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Omaha daily bee. (Omaha [Neb.]) 187?-1922, January 24, 1904, PART I, Image 1

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' The Omaha Sunday . Bee.
PAGES 1 TO 10. )
i:sTAi;Lisfii:i) junk iy, isti.
.kixulk copy 1'iYi: chnth.
German Pnfesier Qirei Hit Ideal of Cob
of ihe 8toriei of the BiV.
Each in Hi Opinion Wn Aoeomp&nitneit
to Giving, of Law U Moies.
Other 8'mhr Phenomena Mentioned in
Varioui Piacea in thi Scripture.
Believes It la Hot Located In the o-
Called Mnaltle Peninsula, bat
Probably More Remote from
Fgypt'and S carer the lea.
fCopyright. 1904, by Press Publishing Co.)
" BERLIN, Jan. 23,-New York World Ca
blegram Special Telegram.) "There was
nothing miraculous about he giving of
the law to Moses on Mount Sinai, as far na
the accompanying phenomena are con
cerned," declared Prof. Hermann Gunke"i to
the World correspondent.
Prof. Ounk.il, one of the most remarkuble
theological gladiators which Germany has
produced In the last generation, who has
V aet the reliKlous world talking, a young
.man for a German professor. In about to
. years old, fresh looking, falr-halred, be
spectacled and rather stout. He Is thor
oughly modern, uteriy removed from the
traditional type. He came to Berlin from
the University of Goettlngen about flvo
years ago, and has come Into public no
.tire because of his keen Insight, profound
Scholarship and fearlessness.
, "where was Binal, I cannot say. But
. the probability Is that it was not in the
o-called Sinaitlc peninsula. In all prob
ability It was more remote from Kgypt.
nearer the coast of the Red sea, and In
country where the Israelites could pasture
' their enormous flocks and herds. There Is
no reason to believe that the so-called
Sinaitlc peninsula, grew more grass In the
time of Moses than now. Now It Is 2 dry
desert, with here and there a grassy river
f bed.
"All through the Old Testament there
re references to volcanic phenomena. If
one only rends between the lines. Sodom
and Gomorrah, for example. The old myth
nays these two cities were destroyed by a
rain of sulphur and fire and that the
moke of the land went up as the smoke
' of a furnace. .The explanation of that Is
this was' a volcanic eruption. , .
"Read Psalms civ., 32: 'He toueholh the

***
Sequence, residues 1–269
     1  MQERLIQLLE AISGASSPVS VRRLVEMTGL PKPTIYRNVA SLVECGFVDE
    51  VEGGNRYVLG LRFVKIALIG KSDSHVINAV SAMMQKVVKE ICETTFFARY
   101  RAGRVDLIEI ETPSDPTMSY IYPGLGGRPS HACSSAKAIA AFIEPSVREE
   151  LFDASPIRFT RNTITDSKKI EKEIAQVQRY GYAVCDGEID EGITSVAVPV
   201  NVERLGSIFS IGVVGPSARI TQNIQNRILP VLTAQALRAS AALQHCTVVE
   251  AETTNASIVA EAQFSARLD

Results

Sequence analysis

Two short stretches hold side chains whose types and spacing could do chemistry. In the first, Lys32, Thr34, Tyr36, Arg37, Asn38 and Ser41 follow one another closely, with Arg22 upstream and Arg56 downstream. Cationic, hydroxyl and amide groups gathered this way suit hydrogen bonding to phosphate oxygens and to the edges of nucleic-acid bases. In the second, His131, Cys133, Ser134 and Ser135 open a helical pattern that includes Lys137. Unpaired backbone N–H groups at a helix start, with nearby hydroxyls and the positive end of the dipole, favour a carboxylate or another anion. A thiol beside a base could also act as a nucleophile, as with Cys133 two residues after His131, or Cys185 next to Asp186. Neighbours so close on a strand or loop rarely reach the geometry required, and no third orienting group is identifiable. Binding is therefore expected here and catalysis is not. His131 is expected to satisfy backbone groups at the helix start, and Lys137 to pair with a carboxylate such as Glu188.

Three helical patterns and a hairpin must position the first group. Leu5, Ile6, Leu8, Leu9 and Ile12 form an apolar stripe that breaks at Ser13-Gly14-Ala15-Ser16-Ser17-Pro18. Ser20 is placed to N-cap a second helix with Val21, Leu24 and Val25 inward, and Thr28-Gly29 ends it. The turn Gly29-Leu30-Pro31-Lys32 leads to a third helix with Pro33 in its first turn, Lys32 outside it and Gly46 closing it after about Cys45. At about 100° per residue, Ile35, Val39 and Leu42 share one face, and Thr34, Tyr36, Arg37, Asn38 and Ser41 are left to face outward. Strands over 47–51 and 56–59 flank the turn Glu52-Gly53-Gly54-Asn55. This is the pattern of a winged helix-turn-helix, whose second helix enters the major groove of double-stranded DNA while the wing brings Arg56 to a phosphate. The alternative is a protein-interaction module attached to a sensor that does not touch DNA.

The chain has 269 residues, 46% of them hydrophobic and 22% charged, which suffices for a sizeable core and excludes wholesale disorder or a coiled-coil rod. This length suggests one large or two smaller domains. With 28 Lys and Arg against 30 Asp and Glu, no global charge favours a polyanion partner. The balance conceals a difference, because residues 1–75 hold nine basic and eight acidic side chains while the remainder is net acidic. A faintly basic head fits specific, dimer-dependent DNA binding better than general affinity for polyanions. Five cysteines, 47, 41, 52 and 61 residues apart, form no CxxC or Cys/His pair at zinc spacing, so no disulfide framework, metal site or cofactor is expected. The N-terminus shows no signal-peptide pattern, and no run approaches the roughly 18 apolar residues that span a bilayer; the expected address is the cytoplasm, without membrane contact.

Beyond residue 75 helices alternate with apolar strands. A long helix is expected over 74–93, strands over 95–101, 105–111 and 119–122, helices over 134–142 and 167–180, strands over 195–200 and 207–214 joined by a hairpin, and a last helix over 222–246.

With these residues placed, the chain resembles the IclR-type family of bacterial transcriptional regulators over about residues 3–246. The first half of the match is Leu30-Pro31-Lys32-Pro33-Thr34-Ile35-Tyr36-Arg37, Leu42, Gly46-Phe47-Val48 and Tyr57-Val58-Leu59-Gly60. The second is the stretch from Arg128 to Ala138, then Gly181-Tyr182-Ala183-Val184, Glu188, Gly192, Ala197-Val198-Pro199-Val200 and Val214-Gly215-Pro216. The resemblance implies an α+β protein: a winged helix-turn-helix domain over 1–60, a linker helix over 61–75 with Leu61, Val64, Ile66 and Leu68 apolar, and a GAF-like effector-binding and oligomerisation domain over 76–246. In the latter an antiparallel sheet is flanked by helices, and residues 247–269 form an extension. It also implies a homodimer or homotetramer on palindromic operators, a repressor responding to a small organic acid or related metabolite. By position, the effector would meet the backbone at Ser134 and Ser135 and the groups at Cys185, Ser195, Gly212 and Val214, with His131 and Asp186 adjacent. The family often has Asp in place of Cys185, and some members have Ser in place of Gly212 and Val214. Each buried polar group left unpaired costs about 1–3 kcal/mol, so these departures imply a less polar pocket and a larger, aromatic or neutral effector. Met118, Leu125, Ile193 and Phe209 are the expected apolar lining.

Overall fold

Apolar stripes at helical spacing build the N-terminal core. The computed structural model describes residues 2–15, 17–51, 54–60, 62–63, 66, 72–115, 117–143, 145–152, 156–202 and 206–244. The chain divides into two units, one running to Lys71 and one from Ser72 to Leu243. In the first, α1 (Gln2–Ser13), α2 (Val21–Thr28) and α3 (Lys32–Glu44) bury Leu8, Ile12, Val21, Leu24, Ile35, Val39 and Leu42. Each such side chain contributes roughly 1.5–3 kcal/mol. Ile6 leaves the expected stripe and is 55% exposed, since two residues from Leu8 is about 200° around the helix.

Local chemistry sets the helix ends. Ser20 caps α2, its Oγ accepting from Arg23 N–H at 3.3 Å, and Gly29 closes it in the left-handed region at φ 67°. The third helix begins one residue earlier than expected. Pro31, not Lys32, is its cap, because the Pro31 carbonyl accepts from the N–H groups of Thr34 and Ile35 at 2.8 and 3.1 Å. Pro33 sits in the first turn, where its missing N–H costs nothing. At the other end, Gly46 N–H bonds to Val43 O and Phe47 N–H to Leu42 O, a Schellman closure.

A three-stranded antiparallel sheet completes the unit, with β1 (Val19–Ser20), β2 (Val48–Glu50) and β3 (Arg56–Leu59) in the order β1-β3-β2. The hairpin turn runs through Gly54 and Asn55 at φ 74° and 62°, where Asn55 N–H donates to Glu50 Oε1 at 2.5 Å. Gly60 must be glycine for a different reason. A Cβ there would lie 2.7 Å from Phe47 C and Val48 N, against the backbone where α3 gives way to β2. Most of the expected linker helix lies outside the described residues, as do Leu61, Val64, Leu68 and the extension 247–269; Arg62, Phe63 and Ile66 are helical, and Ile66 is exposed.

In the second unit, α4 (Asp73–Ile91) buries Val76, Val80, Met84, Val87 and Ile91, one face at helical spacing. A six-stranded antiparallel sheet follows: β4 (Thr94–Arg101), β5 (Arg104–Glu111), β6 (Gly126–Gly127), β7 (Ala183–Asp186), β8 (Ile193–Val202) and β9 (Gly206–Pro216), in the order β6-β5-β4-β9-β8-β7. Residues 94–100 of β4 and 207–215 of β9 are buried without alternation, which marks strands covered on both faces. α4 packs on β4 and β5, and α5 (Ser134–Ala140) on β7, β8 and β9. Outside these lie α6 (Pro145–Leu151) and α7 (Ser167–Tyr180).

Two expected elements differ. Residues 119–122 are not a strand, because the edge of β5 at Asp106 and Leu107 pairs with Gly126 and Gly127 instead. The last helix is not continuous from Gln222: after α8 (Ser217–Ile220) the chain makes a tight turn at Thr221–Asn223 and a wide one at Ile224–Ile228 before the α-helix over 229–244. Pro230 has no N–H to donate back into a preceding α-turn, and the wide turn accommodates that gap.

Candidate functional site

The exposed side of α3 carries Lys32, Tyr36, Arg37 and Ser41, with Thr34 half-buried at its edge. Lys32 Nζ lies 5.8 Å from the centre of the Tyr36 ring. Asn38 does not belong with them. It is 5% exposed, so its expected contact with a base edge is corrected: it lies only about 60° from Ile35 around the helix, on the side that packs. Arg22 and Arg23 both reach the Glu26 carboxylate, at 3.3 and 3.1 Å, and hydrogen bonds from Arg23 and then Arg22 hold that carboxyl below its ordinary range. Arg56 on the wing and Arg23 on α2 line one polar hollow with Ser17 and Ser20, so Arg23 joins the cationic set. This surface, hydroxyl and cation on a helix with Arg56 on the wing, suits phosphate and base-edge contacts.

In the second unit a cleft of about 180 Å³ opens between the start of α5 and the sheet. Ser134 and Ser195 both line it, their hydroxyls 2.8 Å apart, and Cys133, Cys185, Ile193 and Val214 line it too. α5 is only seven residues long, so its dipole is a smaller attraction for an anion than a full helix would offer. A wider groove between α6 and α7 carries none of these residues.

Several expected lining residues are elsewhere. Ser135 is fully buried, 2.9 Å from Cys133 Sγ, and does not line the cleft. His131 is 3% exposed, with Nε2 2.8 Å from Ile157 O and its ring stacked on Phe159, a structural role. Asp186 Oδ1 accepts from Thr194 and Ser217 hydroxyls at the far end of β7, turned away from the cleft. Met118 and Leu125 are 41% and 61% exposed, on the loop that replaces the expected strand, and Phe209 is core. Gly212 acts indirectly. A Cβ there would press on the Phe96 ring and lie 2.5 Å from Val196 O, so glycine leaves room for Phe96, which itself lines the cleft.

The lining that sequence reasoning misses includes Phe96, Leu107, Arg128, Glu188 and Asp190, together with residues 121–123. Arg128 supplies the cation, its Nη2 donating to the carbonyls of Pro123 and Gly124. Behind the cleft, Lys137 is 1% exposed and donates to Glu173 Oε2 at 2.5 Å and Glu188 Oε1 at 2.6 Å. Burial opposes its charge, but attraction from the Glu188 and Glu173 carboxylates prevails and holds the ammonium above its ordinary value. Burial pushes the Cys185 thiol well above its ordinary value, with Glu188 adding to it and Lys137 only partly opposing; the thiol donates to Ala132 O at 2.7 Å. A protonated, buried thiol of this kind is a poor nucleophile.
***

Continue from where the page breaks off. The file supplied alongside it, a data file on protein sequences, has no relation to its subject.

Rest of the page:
Mils and they smoke." The reference to
volcanic acllonlln Isaiah xzxiv. 9, is still.
more evident: ' The streams thereof shall
-; bo turned .Into pilch and the dust thereof
Into brimstone end the land thereof ahall
ecoma burning pitch.' The writer evi
dently knew about streams of -lava, and
hence his Imagery. 7 ' . .
"In the. case of Stnal there can be little
doubt. It is , strange that the volcano
theory ha not Been put forth before and
accepted. .
"Just- look at Kaodus xlx. There is here
mention of a thick cloud on the mountain
and the voice of a trumpet exceeding loud.
It is well known to most travelers who
have visited active volcanoes that sounds
like a trumpet are often heard coming
from the mouth of the. crater. The same
chapter says that the whole mountain was
smoking because the Lord descended In fire
'' on it. The smoke rose from It as from a
furnace. , The. whole mountain trembled
and quaked greatly Passages in Deuter-
0 t onomy confirm the account In Exodus.
"Jehovah .came down on the mountain In
fir '-fhe mount burned With fire. It burned
1 ' Into tho heart of heaven, 'With darkness,
cloud and thick durkness. This must be
volcanic. The Mosaic myth' (sometimes the
professor used the '-word' 'saga' to mean
the HlblsV speaks of smoke, fire clouds.
In which Jehovah's splendid coming was
manifested, ,
"All 'throuRh the Old Testament there
ore numerous passages In prose and poetry
referring to tho Sinaitlc theory. We read
that the ancient God appeared to Elijah as
1 dutfe did to Moses on the same spot. God
Md broke the rocks to pieces. Then there
Was an earthquake, and after the earth
quake a Are. , . V
"In the poetical books we have allusions
to glowing coals, to the hot breath of
Jehovah, like unto burning rivers of brim
atone,, from mountains, melting llko wax. -
"In the rnlted States you have' great
wealth. Why not fit out an expedition of
learned men and send them out? They may
not find Blnal on the peninsula associated
with it. It may be further south along the
roast of the Red sea. It may not even
be a prominent mountain. Perhaps a clue
may be found In the fact that It took
Elijah forty days to reach Sinai from his
homo in Palestine."
Trip to Bo Made from Paris to Mce